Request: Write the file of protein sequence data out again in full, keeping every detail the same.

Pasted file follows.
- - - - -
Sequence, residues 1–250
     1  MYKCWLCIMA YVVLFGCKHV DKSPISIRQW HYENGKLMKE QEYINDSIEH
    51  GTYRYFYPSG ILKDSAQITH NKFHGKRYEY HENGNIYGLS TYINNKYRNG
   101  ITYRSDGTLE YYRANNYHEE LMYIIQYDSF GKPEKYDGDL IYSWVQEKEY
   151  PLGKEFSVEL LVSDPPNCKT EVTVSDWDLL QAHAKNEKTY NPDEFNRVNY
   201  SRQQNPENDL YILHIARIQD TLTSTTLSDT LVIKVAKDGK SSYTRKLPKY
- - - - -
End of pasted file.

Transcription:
Sequence, residues 1–250
     1  MYKCWLCIMA YVVLFGCKHV DKSPISIRQW HYENGKLMKE QEYINDSIEH
    51  GTYRYFYPSG ILKDSAQITH NKFHGKRYEY HENGNIYGLS TYINNKYRNG
   101  ITYRSDGTLE YYRANNYHEE LMYIIQYDSF GKPEKYDGDL IYSWVQEKEY
   151  PLGKEFSVEL LVSDPPNCKT EVTVSDWDLL QAHAKNEKTY NPDEFNRVNY
   201  SRQQNPENDL YILHIARIQD TLTSTTLSDT LVIKVAKDGK SSYTRKLPKY